US Sanctions Against China Over the East and South China Seas: A Serious Proposal?

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Earlier this week, U.S. Senator Marco Rubio (R-FL) introduced a bill in the Senate Foreign Relations committee that proposes punitive sanctions against China over its activities in maritime disputes in the East and South China Seas. The bill, called the “South China Sea and East China Sea Sanctions Act of 2016” (PDF), proffers a plan to sanction Chinese individuals and entities “that participate in Beijing’s illegitimate operations in the South China Sea and East China Sea,” according to a release by Rubio’s office.

“China’s aggressive actions in the South China Sea are illegitimate and threaten the region’s security and American commerce, with reverberations that can be felt here at home, including Florida’s ports and throughout our state’s shipping and cargo economy,” Rubio noted. “The security of our allies in the region and our own economic livelihoods cannot be endangered by Beijing’s ongoing, flagrant violations of international norms in its pursuit of dominance in the South China Sea and East China Sea.”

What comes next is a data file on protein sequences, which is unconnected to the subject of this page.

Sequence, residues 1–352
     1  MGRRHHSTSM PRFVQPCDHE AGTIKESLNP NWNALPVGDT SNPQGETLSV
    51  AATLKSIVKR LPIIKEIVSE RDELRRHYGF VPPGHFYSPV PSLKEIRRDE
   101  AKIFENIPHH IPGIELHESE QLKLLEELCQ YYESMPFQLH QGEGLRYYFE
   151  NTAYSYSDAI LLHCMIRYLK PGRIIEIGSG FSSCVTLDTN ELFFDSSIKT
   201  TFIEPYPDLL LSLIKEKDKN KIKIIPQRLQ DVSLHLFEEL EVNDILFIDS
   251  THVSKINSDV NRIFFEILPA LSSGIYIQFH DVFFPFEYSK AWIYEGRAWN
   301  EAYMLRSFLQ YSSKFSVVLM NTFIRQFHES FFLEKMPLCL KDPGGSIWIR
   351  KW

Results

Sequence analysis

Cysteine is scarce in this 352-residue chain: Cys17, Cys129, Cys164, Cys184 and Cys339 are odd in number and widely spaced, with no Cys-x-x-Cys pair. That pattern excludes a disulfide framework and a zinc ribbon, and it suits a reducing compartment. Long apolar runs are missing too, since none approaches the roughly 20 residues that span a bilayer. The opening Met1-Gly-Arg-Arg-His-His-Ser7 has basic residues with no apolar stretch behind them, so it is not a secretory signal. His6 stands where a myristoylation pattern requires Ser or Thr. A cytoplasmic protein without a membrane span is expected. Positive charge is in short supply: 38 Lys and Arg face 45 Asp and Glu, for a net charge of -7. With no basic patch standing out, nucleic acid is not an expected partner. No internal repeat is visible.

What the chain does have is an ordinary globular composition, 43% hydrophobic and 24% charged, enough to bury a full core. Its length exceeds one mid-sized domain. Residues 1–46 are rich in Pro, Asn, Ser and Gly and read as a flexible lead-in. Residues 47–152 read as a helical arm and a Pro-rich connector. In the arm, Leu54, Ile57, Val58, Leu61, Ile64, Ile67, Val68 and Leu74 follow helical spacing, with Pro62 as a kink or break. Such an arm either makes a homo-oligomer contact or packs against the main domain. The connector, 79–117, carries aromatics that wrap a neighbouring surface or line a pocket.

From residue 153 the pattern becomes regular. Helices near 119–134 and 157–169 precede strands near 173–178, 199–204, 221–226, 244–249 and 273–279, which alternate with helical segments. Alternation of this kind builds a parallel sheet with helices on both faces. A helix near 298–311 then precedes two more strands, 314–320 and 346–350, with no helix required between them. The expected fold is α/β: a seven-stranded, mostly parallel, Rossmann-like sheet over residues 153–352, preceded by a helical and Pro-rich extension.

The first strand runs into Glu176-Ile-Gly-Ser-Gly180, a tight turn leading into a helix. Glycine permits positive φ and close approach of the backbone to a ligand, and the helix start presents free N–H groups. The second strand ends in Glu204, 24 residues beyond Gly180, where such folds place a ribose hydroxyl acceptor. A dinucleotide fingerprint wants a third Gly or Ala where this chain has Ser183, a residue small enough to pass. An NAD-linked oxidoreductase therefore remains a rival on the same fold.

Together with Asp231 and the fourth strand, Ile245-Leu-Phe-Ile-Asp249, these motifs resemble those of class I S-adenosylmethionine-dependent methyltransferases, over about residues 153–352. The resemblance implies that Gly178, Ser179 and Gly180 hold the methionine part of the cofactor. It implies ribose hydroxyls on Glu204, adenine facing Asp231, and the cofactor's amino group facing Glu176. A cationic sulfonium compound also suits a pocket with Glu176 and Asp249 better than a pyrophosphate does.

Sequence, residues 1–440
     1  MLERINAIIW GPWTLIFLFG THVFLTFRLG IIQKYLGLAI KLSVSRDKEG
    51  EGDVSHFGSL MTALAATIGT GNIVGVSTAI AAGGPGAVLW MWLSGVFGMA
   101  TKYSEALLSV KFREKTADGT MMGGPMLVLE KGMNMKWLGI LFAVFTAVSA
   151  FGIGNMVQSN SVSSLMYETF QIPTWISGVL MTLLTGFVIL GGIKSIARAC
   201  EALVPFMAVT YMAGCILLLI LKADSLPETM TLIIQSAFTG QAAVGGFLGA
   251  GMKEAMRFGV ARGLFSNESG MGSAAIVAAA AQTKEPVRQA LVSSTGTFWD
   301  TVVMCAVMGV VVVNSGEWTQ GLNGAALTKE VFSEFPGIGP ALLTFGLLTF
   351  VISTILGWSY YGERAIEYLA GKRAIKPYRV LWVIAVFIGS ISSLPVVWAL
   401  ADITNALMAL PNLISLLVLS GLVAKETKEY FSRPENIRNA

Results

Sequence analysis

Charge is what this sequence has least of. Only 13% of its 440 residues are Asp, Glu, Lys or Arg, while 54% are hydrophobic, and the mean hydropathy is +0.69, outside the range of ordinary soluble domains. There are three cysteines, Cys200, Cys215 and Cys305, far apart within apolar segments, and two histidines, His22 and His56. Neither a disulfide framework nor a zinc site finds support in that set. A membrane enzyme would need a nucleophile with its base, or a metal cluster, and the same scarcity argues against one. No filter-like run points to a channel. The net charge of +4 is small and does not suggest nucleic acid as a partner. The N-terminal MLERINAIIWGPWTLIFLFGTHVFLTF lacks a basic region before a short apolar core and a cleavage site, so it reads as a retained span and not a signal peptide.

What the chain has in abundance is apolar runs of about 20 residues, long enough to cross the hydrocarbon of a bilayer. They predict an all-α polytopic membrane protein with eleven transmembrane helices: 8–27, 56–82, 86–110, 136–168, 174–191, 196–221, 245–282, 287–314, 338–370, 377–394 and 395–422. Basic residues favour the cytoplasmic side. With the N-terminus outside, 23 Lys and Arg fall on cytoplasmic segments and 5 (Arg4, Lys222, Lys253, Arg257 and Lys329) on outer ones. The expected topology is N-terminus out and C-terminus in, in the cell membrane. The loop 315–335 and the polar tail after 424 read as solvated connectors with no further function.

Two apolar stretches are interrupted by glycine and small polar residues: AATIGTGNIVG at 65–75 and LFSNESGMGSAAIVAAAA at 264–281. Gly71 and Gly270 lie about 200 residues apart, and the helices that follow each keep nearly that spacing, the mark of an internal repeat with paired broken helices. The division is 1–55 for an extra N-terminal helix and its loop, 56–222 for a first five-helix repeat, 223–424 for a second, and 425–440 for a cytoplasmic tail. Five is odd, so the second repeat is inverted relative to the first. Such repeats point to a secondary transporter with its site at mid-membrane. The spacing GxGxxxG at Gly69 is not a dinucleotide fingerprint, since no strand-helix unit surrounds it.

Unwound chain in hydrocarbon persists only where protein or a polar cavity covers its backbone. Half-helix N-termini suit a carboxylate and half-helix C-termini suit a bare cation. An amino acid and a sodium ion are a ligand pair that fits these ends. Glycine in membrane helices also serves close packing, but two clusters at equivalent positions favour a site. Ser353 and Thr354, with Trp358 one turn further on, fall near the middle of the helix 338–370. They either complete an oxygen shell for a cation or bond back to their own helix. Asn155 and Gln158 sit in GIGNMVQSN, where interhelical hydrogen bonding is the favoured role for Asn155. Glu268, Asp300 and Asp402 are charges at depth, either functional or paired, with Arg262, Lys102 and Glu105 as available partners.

The bill would represent an ambitious change in U.S. policy. If it becomes law, it would require the U.S. president to execute a range of punitive sanctions against Chinese individuals and entities for activities in the South China Sea and in turn sanction third-party financial institutions that interact with those entities knowingly. Rubio’s proposals also contain important changes to U.S. policy, such as restricting foreign aid to states that may side with China’s position on disputes in the East and South China Seas and, more importantly, shifting the long-standing U.S. position on not taking sides in questions of territorial sovereignty in maritime disputes (with some exceptions).

US Sanctions Against China Over the East and South China Seas: A Serious Proposal?

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